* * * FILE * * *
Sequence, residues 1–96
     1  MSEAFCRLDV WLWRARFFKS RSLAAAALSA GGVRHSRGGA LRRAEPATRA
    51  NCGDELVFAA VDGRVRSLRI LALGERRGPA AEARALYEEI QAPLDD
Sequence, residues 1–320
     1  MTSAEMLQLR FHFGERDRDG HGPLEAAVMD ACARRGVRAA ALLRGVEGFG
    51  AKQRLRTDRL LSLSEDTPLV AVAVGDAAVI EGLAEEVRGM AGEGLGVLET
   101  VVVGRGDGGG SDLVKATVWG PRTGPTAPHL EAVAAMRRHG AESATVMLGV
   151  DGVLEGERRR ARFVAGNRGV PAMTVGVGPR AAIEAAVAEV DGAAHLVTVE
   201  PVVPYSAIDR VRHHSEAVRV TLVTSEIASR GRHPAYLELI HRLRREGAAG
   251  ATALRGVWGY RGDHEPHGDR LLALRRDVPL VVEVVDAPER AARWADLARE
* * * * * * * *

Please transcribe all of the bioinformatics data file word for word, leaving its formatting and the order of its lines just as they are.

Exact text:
Sequence, residues 1–96
     1  MSEAFCRLDV WLWRARFFKS RSLAAAALSA GGVRHSRGGA LRRAEPATRA
    51  NCGDELVFAA VDGRVRSLRI LALGERRGPA AEARALYEEI QAPLDD
Sequence, residues 1–320
     1  MTSAEMLQLR FHFGERDRDG HGPLEAAVMD ACARRGVRAA ALLRGVEGFG
    51  AKQRLRTDRL LSLSEDTPLV AVAVGDAAVI EGLAEEVRGM AGEGLGVLET
   101  VVVGRGDGGG SDLVKATVWG PRTGPTAPHL EAVAAMRRHG AESATVMLGV
   151  DGVLEGERRR ARFVAGNRGV PAMTVGVGPR AAIEAAVAEV DGAAHLVTVE
   201  PVVPYSAIDR VRHHSEAVRV TLVTSEIASR GRHPAYLELI HRLRREGAAG
   251  ATALRGVWGY RGDHEPHGDR LLALRRDVPL VVEVVDAPER AARWADLARE